One by one, you can start switching to the cheaper options, calculate the total cost savings, and transfer that amount into your emergency savings account each month.

Second-hand sale

5. Increase your Income

After going through and reducing your expenses, if you're still unable to see how you can put aside your goal amount each month, you can explore some simple and flexible ways to increase your income that don't require you to take on a second job.

First, you can declutter your home, sell some items you no longer need, and add money to your emergency fund. You can also start a flexible side hustle or some freelance work to help supplement your income.

Automating savings

6. Automate your savings

Once you've identified what money you'll use to build your emergency fund, you'll want to automate your savings process. If you tend to be forgetful or even a little overly pensive when saving, automation is an excellent idea for you.

It's like having a personal assistant for your savings account. Most banks can set up automated transfers from your checking account into your savings account. You can just set a standard weekly, bi-weekly, or monthly amount. And as long as there's money in your checking account, the transfer will go through.

Start with a small amount each week that you'll hardly even notice is gone, or you can set the amount higher just as long as you know it's an amount you can afford to have, leaving your checking account on the schedule you set. Then, be sure to include this savings amount in your monthly budget.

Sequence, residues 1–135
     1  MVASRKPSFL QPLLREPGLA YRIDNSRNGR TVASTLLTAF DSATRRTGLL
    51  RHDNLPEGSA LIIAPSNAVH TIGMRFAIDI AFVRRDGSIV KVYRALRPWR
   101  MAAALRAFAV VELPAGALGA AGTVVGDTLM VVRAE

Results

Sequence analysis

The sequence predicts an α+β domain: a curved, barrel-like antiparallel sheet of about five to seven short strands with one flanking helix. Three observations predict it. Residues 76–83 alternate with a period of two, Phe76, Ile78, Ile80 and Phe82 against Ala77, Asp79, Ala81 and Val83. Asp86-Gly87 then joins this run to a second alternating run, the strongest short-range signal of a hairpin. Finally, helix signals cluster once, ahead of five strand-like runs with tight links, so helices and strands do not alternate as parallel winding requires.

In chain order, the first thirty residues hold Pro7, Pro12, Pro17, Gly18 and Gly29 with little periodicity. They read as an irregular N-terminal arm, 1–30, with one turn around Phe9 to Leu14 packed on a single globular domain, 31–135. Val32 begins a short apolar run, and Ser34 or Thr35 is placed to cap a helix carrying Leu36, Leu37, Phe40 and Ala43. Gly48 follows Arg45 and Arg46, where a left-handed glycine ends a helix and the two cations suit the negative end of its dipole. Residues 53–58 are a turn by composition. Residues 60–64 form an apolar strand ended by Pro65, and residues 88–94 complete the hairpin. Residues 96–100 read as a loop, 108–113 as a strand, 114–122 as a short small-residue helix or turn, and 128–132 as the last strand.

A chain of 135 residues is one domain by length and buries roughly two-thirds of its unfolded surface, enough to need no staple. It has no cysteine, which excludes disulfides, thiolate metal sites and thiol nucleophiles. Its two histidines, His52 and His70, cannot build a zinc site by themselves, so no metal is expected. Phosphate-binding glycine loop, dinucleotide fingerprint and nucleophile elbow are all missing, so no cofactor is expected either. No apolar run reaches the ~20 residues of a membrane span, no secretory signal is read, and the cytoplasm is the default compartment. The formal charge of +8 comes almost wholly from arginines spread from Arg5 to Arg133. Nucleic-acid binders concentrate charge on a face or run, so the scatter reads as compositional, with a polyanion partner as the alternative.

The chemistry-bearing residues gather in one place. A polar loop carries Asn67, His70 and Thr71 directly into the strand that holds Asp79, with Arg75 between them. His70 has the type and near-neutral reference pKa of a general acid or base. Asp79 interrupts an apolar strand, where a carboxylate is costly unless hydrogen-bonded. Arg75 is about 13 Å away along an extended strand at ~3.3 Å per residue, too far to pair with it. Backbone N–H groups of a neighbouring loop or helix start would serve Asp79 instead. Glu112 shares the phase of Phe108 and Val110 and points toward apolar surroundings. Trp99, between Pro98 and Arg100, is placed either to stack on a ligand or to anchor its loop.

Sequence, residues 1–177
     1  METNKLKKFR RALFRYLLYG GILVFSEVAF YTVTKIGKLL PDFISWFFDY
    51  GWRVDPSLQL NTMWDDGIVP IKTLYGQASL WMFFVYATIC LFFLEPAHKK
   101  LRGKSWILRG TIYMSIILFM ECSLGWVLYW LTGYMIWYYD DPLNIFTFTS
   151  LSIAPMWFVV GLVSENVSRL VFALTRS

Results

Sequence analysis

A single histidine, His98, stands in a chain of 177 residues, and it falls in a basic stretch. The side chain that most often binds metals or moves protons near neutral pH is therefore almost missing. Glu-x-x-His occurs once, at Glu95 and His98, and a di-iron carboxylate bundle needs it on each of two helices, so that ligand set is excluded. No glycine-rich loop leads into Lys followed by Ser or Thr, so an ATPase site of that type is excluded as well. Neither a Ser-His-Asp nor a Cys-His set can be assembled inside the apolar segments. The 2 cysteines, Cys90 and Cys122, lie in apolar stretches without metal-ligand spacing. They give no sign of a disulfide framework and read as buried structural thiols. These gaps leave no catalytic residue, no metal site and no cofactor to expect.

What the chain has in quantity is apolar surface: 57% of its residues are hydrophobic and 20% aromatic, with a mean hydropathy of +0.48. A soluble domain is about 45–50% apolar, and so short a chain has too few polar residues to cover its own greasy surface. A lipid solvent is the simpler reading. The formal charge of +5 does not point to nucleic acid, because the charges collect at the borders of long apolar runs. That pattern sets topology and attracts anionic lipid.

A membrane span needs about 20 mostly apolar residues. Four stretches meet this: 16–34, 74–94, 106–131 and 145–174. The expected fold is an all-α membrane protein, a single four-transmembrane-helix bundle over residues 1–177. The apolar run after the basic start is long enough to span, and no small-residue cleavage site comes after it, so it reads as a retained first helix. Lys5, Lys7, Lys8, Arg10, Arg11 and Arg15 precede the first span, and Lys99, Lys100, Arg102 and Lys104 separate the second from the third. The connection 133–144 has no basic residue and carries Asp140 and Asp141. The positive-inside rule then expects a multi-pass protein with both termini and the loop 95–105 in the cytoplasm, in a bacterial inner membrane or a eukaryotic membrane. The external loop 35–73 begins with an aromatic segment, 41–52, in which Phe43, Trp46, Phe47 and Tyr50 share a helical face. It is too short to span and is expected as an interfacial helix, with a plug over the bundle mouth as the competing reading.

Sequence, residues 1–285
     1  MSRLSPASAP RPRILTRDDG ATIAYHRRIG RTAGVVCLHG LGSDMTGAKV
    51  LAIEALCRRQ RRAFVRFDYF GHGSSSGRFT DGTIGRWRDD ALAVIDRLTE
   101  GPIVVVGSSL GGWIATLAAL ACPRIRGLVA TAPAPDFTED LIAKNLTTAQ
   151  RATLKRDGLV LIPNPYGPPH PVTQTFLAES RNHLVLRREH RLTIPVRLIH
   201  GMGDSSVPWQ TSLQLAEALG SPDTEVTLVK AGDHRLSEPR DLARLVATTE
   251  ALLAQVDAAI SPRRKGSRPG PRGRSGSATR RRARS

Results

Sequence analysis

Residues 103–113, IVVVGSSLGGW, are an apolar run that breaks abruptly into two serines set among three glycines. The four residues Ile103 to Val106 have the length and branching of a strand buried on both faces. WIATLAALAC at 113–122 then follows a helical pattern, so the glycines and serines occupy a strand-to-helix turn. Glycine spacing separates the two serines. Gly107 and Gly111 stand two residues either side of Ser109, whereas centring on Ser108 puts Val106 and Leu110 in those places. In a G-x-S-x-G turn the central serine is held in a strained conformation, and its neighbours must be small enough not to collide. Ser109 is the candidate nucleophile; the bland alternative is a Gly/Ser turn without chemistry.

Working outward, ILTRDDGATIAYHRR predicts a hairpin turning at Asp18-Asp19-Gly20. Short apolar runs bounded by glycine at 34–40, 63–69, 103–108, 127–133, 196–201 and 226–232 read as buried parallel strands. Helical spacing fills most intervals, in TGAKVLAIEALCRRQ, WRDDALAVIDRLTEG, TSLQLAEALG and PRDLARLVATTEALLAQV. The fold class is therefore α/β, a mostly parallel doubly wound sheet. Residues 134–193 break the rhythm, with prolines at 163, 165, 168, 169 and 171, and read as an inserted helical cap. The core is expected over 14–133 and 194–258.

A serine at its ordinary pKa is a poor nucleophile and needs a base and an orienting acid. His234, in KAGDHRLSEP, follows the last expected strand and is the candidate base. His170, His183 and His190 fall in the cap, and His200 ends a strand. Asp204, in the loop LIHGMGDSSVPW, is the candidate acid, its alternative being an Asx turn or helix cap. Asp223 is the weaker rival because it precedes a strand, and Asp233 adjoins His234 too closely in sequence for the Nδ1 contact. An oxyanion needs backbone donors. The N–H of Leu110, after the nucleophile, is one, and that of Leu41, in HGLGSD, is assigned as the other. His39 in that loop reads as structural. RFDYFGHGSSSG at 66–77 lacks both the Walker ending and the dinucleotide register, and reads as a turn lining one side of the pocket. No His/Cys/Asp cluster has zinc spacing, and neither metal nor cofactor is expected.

Opening car bonnet

7. Set rules

This last step is to help ensure that the money you're putting away is still in the bank when you need it for an emergency, and that is to set rules for using the savings.

One of the things that keeps people from building a good emergency fund is that they keep dipping into it for things that don't qualify as an actual emergency.

Think about the things that have a cost that could go wrong and have a negative domino effect on other areas of your life.

For instance, a partial or complete loss of income will affect other areas of your life because you need money to buy food, pay for heat and electricity, et cetera. Other types of emergencies may include medical bills or vehicle repairs.

Whatever you decide, write those things down, and then before you use those emergency funds, ask yourself three questions. Is this situation unexpected? Is it necessary? And is it urgent, meaning you don't have time to save on this expense? If you answer yes to all three, you will likely need to use those emergency funds.

How to build an emergency fund

I hope you've learned how to build an emergency fund. It's never too late to start saving. Share your plan for saving in the comments below.

Next, check out my 10 Unexpected Grocery Hacks to Keep You on Budget.

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 1 comment
  • Julia Julia on Apr 03, 2024
    Great tips. I have an accounts set up for car, Christmas, home reno and insurance and a set amount is deposited automatically each pay. I calculated what car and Christmas budgets should be and divided by 12 so I save this much per month. Once you get in the habit it becomes easy and feels good so see the account balances grow.